Europe will see a sharp recession if Russia’s Putin shuts down the Ghanaians

The Nord Stream 2 offshore pipeline, the $ 11 billion project designed to double the gas flow between Russia and Germany, is now unused and abandoned. Germany halted the certification of the pipeline completely after Russia officially recognized two pro-Russian regions in eastern Ukraine, putting a pretext for the invasion that would follow.

Axel Schmidt | Nord Stream 2 | via Reuters

German economists predict a recession in Europe’s largest economy if Russia’s gas supplies stop and the effects could spread across the continent.

In their biannual Joint Economic Forecast, published on Wednesday, Germany’s five largest economic institutions sharply reduced their forecasts for gross domestic product as the war in Ukraine slows down the recovery from Covid-19.

RWI in Essen, DIW in Berlin, Ifo Institute in Munich, IfW in Kiel and IWH in Halle now expect German GDP to grow by 2.7% in 2022 and 3.1% in 2023, provided there is no further economic escalation related to the war in Ukraine and gas flows to Europe from Russia continue. The institutes had previously expected a growth of 4.8% in 2022.

Ukrainian President Volodymyr Zelenskyy and the European Parliament have called on the EU to impose a total embargo on Russian oil, gas and coal imports in the face of atrocities against civilians committed by Russian forces in Ukraine.

The EU plans to ban Russian coal imports and is working on sanctions against Russian oil, as it appears to be expelling the Kremlin from the global economy, while Russian President Vladimir Putin has also on several occasions threatened to cut off gas supplies to Europe.

However, such a move is expected to have serious economic consequences for both sides. Germany bought 58.9% of its natural gas from Russia in 2020, according to the European Statistics Office.

The Nord Stream 2 pipeline, the $ 11 billion project designed to double the gas flow between Russia and Germany, is now unused and abandoned. Germany halted the certification of the pipeline completely after Russia officially recognized two pro-Russian regions in eastern Ukraine, putting a pretext for the invasion that would follow.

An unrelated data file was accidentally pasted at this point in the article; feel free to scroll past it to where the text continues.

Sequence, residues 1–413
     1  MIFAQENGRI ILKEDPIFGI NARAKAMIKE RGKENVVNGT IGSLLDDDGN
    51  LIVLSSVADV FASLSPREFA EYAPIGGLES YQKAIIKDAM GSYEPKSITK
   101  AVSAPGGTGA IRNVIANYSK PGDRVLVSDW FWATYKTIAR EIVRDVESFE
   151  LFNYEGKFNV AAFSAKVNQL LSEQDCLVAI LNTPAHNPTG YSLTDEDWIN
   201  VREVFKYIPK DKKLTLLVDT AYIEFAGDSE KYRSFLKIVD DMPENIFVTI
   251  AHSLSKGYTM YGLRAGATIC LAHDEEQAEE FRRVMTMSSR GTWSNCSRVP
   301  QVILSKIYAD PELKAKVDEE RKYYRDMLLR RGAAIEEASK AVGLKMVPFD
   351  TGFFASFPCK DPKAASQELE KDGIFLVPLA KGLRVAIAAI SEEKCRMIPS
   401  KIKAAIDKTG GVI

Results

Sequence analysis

In the event of a total halt to Russia’s energy supply, German institutes predicted a cumulative loss this year and next of around € 220 billion ($ 238 billion), equivalent to over 6.5% of annual economic output. This would result in a growth of only 1.9% this year and a decline of 2.2% in 2023.

Inflation headache

“If gas supplies were to be cut off, the German economy would go through a severe recession. From an economic policy point of view, it would be important to support marketable production structures without halting structural changes,” said Stefan Kooths, vice president and research director at Kiel Institute.

“This change will accelerate for gas – intensive industries even without a boycott
the dependence on Russian supplies, which have hitherto been available at favorable prices, must nevertheless be overcome quickly. “

Kooths advised governments to avoid providing “poorly targeted transfers” to mitigate higher energy prices.

“If such support schemes are distributed on a broad front, it will further drive up inflation and undermine the important signaling effect of higher energy prices. This in turn exacerbates the problems of low-income households and increases overall economic costs,” he said. .

The European Central Bank faces the unique conflicting challenge of curbing record high inflation without slowing the already weakened economic growth, which is likely to be further hit by supply shocks as the war in Ukraine continues.

According to Eurostat, eurozone inflation came in at 7.5% for March on an annual basis, and German institutes forecast a full-year average in 2022 of 6.1%, the highest pressure in 40 years.

In the event of a power outage, they predict a rise to a record post-war level of 7.3%. Next year’s expected rate of 2.8% will also remain well above average since reunification and will rise to 5% in the event of an energy block, the report said.

“The shockwaves from the war in Ukraine are weighing on economic activity on both the supply and demand side,” Kooths said.

“Government stimulus packages during the pandemic already had an inflationary effect. Rising prices for critical energy raw materials after the Russian invasion further fuel the upward pressure on prices.”

Geraldine Sundstrom, portfolio manager at PIMCO, told CNBC on Friday that the risk of recession in Europe is far greater than in the US at present.

“The European economy is not in the same strong position as the US, and potential industrial recession may be on the doorstep, depending on the disruption of the conflict, from what is certainly happening in Asia, and we have seen – especially in the automotive sector – a series of factories have to close down due to lack of parts and it has reintroduced leave of some workers in Germany, “said Sundstrom.

“Europe is also facing a very important supply shock and inflationary shock, and if anything, the ECB seems more willing to normalize policy despite the fact that the risk of a recession in Europe is far greater than in the United States.”

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